Math Concepts

How to Prove a Relation is Transitive?

14th Oct '200 views7 mins read

Table of Contents 

14 October  2020

Reading Time: 6 Minutes

Introduction

The transitive property comes from the transitive property of equality in mathematics. In math, if A=B and B=C, then A=C. So, if A=5 for instance, then B and C must both also be 5 by the transitive property. This is true in—a foundational property of—math because numbers are constant and both sides of the equals sign must be equal, by definition.

Introduction image

Let us take an example of set A as given below to see transitive relations.

A  =  {a, b, c}

Let R be a transitive relation defined on set A. 

Then,

R  =  { (a, b), (b, c), (a, c)}

That is,

If ‘a’ is related to ‘b’ and ‘b’ is related to ‘c’, then ‘a’ has to be related to ‘c’.  

In simple terms,

a R b, b R c -----> a R c


How to tell if a relation is transitive?

Now to understand how to prove a relation is transitive, let us understand using common examples.

Compare this concept to the relation of `greater than' for numbers. For instance, if x, y, and z are numbers and we know that x > y and y > z then it must follow that x > z. It follows as x is to the right of y on the number line and y is to the right of z. This relation is called in mathematics and we come to expect it, so when a relation arises that is not transitive, as, in this example, it comes as a surprise. What seems obvious is not always true, so when you think you have a mathematical result you could be wrong. You will always prove a result before you can be sure it is true.

For example, "is greater than," "is at least as great as," and "is equal to" (equality) are transitive relations:

when A > B and B > C, then also A > C

when A ≥ B and B ≥ C, then also A ≥ C

when A = B and B = C, then also A = C.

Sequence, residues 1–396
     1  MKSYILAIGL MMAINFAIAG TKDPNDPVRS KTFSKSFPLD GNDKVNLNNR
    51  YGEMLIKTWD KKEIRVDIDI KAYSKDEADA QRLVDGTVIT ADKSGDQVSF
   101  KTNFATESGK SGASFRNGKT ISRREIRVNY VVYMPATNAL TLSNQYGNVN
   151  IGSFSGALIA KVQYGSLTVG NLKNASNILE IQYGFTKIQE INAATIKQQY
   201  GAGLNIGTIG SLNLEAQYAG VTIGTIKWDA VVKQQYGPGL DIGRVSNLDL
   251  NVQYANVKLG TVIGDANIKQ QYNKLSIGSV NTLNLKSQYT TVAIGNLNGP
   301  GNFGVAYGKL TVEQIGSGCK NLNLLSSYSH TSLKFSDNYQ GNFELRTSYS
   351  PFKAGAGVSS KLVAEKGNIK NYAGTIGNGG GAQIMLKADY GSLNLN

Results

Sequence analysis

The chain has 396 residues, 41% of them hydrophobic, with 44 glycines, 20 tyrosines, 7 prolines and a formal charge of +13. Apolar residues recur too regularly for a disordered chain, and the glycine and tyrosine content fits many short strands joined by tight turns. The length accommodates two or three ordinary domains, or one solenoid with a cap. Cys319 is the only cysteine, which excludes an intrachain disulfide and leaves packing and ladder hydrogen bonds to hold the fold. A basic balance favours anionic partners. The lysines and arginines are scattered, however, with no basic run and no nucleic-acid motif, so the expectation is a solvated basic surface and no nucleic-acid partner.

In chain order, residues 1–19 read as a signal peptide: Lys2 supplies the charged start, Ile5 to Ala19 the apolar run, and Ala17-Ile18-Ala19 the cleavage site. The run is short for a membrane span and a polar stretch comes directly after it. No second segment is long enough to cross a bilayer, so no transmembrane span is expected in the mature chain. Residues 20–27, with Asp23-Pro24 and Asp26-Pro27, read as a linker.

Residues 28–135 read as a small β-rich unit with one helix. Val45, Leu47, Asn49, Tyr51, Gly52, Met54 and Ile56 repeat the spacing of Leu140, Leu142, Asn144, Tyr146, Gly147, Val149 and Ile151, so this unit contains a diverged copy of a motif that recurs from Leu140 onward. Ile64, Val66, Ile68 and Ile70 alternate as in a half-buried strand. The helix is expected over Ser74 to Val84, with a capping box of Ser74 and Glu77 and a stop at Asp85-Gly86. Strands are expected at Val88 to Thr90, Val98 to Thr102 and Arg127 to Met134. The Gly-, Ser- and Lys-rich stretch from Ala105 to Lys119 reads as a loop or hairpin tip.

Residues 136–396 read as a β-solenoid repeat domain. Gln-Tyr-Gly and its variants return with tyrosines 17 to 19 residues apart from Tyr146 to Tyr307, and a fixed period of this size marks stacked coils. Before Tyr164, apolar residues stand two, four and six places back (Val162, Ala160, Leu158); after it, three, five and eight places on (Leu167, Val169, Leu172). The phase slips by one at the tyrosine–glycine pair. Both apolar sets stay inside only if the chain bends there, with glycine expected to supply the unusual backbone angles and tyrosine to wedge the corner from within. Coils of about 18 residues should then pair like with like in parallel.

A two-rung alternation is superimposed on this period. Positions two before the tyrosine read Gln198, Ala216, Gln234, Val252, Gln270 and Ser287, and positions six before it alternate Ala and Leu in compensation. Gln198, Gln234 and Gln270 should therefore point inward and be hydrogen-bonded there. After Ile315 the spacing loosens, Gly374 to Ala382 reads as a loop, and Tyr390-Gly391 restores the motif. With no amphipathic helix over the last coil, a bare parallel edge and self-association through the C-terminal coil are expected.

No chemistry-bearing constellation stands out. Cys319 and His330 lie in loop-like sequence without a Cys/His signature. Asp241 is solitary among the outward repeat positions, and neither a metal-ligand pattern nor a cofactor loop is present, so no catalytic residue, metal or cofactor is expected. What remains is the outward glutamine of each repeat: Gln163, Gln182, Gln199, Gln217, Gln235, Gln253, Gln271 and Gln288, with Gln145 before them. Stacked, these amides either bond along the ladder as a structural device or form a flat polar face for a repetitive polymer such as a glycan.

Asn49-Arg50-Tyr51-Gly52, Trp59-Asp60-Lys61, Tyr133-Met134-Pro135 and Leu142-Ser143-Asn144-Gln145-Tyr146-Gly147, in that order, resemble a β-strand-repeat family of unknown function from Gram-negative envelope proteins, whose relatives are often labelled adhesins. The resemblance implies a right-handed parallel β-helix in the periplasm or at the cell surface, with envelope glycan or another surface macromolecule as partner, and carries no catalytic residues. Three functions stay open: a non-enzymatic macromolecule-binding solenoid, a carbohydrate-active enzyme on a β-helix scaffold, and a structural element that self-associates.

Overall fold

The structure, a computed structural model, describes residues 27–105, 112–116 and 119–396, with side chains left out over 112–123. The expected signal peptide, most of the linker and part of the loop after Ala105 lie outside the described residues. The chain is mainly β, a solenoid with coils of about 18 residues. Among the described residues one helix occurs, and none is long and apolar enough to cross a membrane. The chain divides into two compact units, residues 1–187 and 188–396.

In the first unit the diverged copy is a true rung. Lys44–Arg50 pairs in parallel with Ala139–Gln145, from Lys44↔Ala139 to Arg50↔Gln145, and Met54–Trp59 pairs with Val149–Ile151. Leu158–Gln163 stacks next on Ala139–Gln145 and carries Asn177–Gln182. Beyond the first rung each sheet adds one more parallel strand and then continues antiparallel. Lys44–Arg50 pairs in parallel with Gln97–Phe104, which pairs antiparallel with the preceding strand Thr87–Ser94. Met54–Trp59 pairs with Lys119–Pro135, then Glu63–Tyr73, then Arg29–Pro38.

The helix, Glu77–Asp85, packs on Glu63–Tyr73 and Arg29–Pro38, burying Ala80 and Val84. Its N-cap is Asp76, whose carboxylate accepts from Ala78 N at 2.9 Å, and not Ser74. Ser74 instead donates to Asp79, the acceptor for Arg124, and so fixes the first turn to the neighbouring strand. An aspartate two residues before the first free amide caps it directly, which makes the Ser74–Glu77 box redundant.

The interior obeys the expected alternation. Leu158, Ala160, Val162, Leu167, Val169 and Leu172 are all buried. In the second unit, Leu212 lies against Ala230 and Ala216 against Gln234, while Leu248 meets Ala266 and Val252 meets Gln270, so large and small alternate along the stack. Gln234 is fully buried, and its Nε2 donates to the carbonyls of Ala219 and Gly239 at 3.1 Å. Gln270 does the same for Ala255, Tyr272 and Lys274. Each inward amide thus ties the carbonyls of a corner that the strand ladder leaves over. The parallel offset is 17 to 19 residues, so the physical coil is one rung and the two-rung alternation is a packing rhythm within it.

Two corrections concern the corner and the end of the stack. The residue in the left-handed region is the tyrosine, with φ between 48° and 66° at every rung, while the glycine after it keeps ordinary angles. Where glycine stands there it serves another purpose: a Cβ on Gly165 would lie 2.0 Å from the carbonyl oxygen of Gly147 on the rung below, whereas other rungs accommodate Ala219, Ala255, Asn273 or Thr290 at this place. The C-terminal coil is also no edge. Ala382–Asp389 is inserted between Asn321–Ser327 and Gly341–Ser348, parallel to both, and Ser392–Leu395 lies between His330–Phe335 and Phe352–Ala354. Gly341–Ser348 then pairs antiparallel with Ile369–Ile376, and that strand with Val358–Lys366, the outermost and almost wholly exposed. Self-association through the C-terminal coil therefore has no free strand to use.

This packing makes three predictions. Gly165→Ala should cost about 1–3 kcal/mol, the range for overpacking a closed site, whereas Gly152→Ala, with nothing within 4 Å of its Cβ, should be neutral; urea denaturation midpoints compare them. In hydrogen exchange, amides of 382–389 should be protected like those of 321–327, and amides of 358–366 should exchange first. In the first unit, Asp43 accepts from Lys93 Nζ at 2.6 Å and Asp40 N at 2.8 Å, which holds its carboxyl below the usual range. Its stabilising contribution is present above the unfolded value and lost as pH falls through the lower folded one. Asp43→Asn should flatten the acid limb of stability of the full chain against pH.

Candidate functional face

On the other hand, "is the mother of" is not a transitive relation, because if A is the mother of B, and B is the mother of C, then A is not the mother of C. What is more, it is anti transitive: A can never be the mother of C.

Image 1

Imagine  A be a set in which the relation R defined.

R is said to be transitive, if

(a, b) ∈ R and (b, a) ∈ R ⇒ (a, c) ∈ R,

That means aRb and bRc ⇒ aRc where a, b, c ∈ A.

The relation is said to be non-transitive, if

(a, b) ∈ R and (b, c) ∈ R does not imply (a, c ) ∈ R.

For instance, in the set A of natural numbers if the relation R be defined by ‘x less than y’ then

a < b and b < c implies a < c, that is, aRb and bRc ⇒ aRc.

Hence this relation is transitive.

1. Consider k be given a fixed positive integer.then  R = {(a, a) : a, b  ∈ Z and (a – b) is divisible by k}.

Show that R is a transitive relation.

Solution:

It is given that  R = {(a, b) : a, b ∈ Z, and (a – b) is divisible by k}.

Assume (a, b) ∈ R and (b, c) ∈ R. 
   ⇒ now  (a – b) is divisible by k and (b – c) is divisible by k.
   ⇒ again  {(a – b) + (b – c)} is divisible by k.
   ⇒ (a – c) is divisible by k.
   ⇒ (a, c) ∈ R.

Hence, (a, b) ∈ R and (b, c) ∈ R   ⇒ (a, c) ∈ R.

So, R is a transitive relation.

2. Consider a relation ρ on the set N is given by “ρ = {(a, b) ∈ N × N: a divisor of b}”. Identify whether ρ is transitive or not transitive relation on set N.

Solution:

Given ρ = {(a, b) ∈ N × N : a divisor of b}.

Now m, n, p ∈ N and (m, n) ∈ ρ and  (n, p ) ∈ ρ. Then
                                                 (m, n) ∈ ρ and  (n, p ) ∈ ρ
                                              ⇒ m is a divisor of n and n is a divisor of p
                                              ⇒ m is a divisor of p
                                              ⇒ (m, p) ∈ ρ

Hence, (m, n) ∈ ρ and (n, p) ∈ ρ ⇒ (m, p) ∈ ρ.

So, R is a transitive relation.


Transitive Relation Example

To get a better understanding of what is transitive relation so that we can answer “how to tell if a relation is transitive” easily let us go through transitive relation example.

Example :

 

 

Consider A  =  { 1, 2, 3 } and R be a relation defined on  set A as "is less than" and R  = {(1, 2), (2, 3), (1, 3)} Prove transitive.